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Download Chapter 10 – The cell is the basic unit of life. Using a Microscope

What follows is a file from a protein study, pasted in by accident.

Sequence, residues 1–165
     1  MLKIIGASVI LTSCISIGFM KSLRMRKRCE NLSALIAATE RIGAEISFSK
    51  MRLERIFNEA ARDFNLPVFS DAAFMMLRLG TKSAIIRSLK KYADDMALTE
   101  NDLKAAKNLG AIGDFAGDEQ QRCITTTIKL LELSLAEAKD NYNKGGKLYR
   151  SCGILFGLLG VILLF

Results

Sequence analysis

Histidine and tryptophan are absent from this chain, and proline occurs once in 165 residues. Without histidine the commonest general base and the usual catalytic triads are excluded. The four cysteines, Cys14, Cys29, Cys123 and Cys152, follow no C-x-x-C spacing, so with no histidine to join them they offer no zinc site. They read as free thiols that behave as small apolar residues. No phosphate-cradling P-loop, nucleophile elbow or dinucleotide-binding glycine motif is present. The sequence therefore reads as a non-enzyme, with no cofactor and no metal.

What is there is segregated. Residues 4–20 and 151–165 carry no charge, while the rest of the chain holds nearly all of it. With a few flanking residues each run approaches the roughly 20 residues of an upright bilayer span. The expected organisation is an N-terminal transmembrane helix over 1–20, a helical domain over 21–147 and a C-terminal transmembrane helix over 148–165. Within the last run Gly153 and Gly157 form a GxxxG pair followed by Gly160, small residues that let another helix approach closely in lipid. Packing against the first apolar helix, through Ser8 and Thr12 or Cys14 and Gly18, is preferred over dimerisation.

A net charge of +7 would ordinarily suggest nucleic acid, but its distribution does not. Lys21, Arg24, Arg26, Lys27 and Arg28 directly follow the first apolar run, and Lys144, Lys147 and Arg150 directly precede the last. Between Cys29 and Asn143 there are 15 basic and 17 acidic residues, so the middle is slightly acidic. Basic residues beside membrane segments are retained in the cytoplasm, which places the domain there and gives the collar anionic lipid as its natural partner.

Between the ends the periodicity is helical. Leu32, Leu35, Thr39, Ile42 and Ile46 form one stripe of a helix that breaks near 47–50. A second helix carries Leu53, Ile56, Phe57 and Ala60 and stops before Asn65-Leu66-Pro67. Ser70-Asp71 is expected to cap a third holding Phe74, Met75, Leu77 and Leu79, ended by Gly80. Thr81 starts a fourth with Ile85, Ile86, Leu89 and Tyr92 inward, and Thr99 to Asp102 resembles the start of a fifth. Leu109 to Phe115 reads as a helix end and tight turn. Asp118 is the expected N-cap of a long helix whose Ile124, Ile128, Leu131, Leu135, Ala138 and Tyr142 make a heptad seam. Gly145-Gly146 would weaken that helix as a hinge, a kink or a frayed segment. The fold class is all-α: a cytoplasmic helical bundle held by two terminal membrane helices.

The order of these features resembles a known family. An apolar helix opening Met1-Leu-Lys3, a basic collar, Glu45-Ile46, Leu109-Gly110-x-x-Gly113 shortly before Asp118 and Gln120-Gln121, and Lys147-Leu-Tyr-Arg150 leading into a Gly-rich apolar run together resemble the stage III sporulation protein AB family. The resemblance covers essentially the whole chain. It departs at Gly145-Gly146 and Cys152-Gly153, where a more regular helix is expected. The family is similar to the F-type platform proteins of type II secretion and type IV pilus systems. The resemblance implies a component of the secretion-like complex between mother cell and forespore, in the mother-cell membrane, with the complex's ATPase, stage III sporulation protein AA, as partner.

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Chapter 10 – The cell is the basic unit of life. Using a Microscope - Worksheet (diagram and functions of a microscope) - Lab (p. 394-395) What you are viewing under a microscope (P.393) - Magnified image (larger) - Inverted image (upside down) - Reversed image (backwards) What are living things made of? Early idea: all living things are made of air, fire and water Now: all living things are made of cells (cell theory) Cell: the basic, functional unit of life Characteristics of Living Things/Cells (P. 391 Table 10.1) All living things... 1.Grow 2.Move 3.Respond to stimuli 4.Reproduce Growth •A result of the cells in your body increasing in number •New cells will grow to replace old cells that die. Movement •A change in position, shape or location (locomotion) Respond to Stimuli •Stimulus: anything that causes an organism to react. •Maybe external or internal Reproduction •Producing more of the same kind (offspring) Examples Parts of a Compound Light Microscope Part Function Eyepiece Barrel (Tube) Arm Coarse Adjustment Knob Fine Adjustment Knob Objective Lenses Used for viewing and contains a lens that magnifies Holds the eyepiece and objective lenses at proper distance from each other Supports the eyepiece and used for carrying Brings an object into focus at low or medium power Brings an object into focus at high power Magnify the image (3 or 4 lenses) Revolving Nosepiece Stage (May have clips) Holds the three objective lenses Supports the slide Iris Diaphragm Light Source/Lamp Base Controls the amount of light reaching the specimen Supplies the light needed to view the slide Supports the entire microscope The Cell Theory states: •The cell is the basic unit of life. •All living things are made of one or more cells. •All cells come from other living cells. Seven Cell Organelles... Cell membrane: •Found in both plant and animal cells •Surrounds and protects the contents of the cell •Controls the movement of materials in and out of the cell Cell wall: •Found only in plant cells •Tough, rigid structure that give plant cells their box-like shape •Made mostly of cellulose Chloroplast: •Green structures that contain chlorophyll •Capture the sun’s energy for photosynthesis •Found only in plant cells Cytoplasm: •Found in both plant and animal cells •Jell-like fluid that in which the organelles float •Helps to move materials like food to different parts of the cell Nucleus: •Found in both plant and animal cells •Large round structure often visible •Contains the chromosomes •The “control centre” of the cell Vacuole: •Balloon-like spaces in the cytoplasm •Stores materials that cannot be used right away •Found in both plant and animal cells (smaller and more numerous in animal cells) Mitochondrion: (plural: Mitochondria) •Oval, bean-like structures •Produces energy by breaking down food particles •Found in both plant and animal cells Plant vs. Animal Cells Vacuole Cytoplasm PLANT CELL Organelle Cell Wall Cell Membrane Chloroplast Cytoplasm Nucleus Vacuole Mitochondria ANIMAL CELL Plant Cell √ √ Brick Shape √ √ √ √ large and less √ Animal Cell √ Round Shape √ √ √ small and more √ What are three main differences between plant and animal cells? 1. Plant cells have chloroplasts 2. Plant cells have cell walls which give them a rectangular, regular shape 3. Plant cells have fewer and larger vacuoles Dividing Cells •Necessary for growth and reproduction •Will replace cells that are dead or in need of repair •How does this happen? Mitosis Growth and Reproduction depend on cell division Mitosis is the process by which cells divide to produce more identical cells. -Example of cell division for growth: skin cells divide to produce more skin cells to heal a cut or injury. -Example of cell division for reproduction: a bacteria cell divides to become two cells Mitosis occurs in body cells and Meiosis occurs in sex cells (egg and sperm) Videos http://www.sci.sdsu.edu/multimedia/mitosis/mitosis.gif http://www.youtube.com/watch?v=m73i1Zk8EA0 http://www.youtube.com/watch?v=ZEwddr9ho-4 Energy for Cells •Cells need energy for all life processes. •Energy is stored in food called glucose (a type of sugar) •To release energy, cells must carry out cellular respiration, the energy is converted to another form of energy. •Takes place in the mitochondrion. •Most energy is released as heat. •Oxygen is necessary for cellular respiration. •Carbon dioxide and water vapour are waste gases produced. These are removed from the cell.